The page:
A HOUSEWIFE suffering from chronic back pain ran out from bushes into the path of an intercity express train, stood between the track and looked up at the driver as she was mowed down, an inquest heard.
Horse lover Susan Granger had stopped seeking treatment for her injury and no longer took prescription painkillers as she felt none of it did any good.
The 49-year-old drove to a small car park, walked towards the main rail lines between London and South Wales, and hid in the bushes, waiting for a train.
Wayne Tucker, at the controls of First Great Western's 11.15am London Paddington to Cardiff service, told investigators how tragedy struck during an otherwise uneventful journey.
He had left Swindon and was preparing to reduce speed to pass over a junction where the limit was 70mph.
He said: "The track goes into a sweeping right-hand corner and the train was coasting under its own weight.
"I would shortly be applying brakes."
He sounded his horn, as required, as he approached a foot crossing. He also passed a disused, blocked pedestrian crossing.
The experienced driver said: "Suddenly I became aware of a young female emerging from the thick undergrowth."
The woman ran onto the tracks right in front of him.
"She turned to face me. She looked directly at me," he said.
"This happened so quickly. There was nothing I could do. The train hit her at 75mph."
He pressed the emergency brake but it still took the 450-ton train some time to come to a stop.
Police arrived and, on finding car keys on the woman's body, they were able to open a black Vauxhall Astra found in a small car park near the scene, close to Royal Wootton Bassett.
Inside was a handbag with Mrs Granger's details and a two-page "goodbye note" to her husband, Paul.
He was spoken to by police and explained his Penzance-born wife had loved horses and riding and had worked at a number of different stables. She even owned her own horse.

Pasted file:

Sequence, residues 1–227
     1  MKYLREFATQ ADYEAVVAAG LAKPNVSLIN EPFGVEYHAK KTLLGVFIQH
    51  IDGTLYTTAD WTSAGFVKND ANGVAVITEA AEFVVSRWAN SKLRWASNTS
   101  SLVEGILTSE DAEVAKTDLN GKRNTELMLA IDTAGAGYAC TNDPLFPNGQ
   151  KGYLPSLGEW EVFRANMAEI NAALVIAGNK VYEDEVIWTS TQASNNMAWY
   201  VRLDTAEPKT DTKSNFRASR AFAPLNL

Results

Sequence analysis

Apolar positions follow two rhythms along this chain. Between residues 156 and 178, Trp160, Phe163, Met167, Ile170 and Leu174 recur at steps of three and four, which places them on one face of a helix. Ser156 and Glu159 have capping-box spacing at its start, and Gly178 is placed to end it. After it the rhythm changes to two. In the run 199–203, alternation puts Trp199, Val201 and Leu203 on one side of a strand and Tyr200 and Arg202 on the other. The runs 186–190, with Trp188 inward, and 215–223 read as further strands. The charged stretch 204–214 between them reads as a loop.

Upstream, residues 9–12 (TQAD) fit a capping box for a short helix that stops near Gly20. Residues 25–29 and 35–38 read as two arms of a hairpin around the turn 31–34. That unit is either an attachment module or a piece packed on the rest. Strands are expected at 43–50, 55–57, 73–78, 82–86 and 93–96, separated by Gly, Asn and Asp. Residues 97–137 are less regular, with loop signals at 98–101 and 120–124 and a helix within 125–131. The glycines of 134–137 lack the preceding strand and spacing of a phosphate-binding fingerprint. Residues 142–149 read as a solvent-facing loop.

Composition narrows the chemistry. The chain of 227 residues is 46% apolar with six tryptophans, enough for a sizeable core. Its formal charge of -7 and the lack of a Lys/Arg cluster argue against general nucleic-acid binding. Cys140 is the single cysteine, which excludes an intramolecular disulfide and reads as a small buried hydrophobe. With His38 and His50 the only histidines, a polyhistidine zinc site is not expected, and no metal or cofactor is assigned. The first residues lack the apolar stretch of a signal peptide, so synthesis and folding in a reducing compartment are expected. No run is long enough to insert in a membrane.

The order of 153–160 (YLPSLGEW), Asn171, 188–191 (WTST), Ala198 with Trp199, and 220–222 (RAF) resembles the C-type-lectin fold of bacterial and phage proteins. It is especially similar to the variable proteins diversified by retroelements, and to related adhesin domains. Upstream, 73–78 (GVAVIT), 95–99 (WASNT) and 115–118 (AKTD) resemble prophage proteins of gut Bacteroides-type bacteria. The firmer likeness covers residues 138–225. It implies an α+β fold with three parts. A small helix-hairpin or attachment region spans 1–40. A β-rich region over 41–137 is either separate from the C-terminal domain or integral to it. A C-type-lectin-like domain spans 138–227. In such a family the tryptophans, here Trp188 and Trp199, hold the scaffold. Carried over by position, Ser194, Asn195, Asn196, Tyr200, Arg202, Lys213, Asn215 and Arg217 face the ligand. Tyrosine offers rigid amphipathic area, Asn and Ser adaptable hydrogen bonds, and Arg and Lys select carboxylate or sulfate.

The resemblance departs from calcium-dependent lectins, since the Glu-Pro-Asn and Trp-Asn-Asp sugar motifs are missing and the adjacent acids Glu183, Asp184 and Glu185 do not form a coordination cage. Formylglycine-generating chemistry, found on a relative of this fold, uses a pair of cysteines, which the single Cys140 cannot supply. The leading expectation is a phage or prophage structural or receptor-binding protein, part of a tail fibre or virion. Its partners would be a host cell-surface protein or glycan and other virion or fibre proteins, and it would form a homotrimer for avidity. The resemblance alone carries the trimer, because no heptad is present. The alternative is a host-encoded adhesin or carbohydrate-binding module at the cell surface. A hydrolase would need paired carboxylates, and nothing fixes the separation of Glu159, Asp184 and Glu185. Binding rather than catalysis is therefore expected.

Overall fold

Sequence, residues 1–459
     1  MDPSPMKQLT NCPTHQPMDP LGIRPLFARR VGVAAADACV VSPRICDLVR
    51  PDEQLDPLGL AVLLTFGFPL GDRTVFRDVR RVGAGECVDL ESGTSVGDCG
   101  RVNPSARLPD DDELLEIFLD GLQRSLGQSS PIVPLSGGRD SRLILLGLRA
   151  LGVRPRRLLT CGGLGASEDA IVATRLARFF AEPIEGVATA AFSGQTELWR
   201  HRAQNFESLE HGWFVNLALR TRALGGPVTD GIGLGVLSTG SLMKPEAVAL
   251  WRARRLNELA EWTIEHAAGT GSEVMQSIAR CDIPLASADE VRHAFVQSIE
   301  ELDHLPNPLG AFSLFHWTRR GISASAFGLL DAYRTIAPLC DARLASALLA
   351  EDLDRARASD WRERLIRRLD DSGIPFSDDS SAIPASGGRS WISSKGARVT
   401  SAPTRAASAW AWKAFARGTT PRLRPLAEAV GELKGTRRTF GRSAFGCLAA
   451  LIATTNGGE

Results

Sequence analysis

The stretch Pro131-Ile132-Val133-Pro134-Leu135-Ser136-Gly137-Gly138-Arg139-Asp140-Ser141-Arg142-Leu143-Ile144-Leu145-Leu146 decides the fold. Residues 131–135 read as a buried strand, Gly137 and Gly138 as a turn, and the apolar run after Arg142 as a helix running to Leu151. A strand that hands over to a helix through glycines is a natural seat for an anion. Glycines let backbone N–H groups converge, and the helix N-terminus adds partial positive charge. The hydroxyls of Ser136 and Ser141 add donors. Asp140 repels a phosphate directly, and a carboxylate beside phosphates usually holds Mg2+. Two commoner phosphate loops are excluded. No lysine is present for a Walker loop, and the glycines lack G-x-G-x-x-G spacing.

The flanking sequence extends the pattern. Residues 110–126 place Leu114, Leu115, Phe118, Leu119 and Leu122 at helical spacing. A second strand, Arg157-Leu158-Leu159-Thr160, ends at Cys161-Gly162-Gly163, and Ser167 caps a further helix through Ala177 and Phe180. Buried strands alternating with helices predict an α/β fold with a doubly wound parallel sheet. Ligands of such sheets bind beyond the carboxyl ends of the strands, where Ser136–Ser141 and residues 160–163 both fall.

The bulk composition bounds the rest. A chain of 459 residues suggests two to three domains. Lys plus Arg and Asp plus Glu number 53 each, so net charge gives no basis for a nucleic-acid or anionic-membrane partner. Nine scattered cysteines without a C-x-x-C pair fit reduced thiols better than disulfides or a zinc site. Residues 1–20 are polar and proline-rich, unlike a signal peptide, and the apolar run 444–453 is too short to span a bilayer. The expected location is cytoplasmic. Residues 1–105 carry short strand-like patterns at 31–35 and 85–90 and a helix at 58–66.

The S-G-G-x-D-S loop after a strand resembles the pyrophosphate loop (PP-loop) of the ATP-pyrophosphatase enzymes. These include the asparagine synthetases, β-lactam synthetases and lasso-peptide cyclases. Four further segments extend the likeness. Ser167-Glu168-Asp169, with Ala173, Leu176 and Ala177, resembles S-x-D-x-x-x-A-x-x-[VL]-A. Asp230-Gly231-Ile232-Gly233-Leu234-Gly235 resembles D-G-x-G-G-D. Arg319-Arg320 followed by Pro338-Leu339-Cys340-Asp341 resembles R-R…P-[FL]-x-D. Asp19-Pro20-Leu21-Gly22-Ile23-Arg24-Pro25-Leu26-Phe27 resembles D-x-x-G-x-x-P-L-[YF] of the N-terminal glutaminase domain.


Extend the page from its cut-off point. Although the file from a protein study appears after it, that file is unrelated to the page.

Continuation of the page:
After a lifetime of good health, in 2004 she began to put herself under pressure at work and was eventually diagnosed with depression.
She left work and was briefly employed by Wiltshire Police at Marlborough Police Station but did not enjoy it.
Her health returned but she injured her back in 2007 in the stables and had to be given painkillers, despite doctors being unable to diagnose the problem. One eventually diagnosed muscle wastage, calling her back "the best back I've seen all year".
In March last year she twinged her back at work at National Trust stables.
Over the next few weeks she received acupuncture, was prescribed painkillers and her husband bought a £1,000 pound mattress, all to try to relieve her discomfort and increasing agitation.
"Her frustration resulted in her stopping taking all medication," her husband said, adding that she had also decided to stop taking advice from doctors, as it did not work.
Once again she was diagnosed with depression.
Her condition got worse and she resigned from work and ultimately refused to see people or even answer phone calls or text messages.
At 9.30pm on September 3 last year, Paul Granger left home to return to work in the Midlands. His wife saw him off and he had no concerns about what she might do.
The following day he was told of her death.
A post mortem examination revealed Mrs Granger had suffered multiple injuries to her head and body.
Claire Balysz, assistant coroner for Wiltshire and Swindon, did not read Mrs Granger's note to her husband but said: "The intentions in that note are quite clear."
Mr Granger did not attend the resumed inquest, in Salisbury.
John Wilson, appearing on behalf of British Transport Police's inquest liaison unit, said there was nothing more that train driver Mr Tucker could have done to avoid the incident, which appeared to have been a deliberate act on Mrs Granger's part.
Ms Balysz agreed, and concluded about the deceased: "The back pain was constant and limited her quality of life considerably.
"She was refusing all prescribed medication as she felt they did not help."
She concluded that Mrs Granger, of Broad Town, took her own life.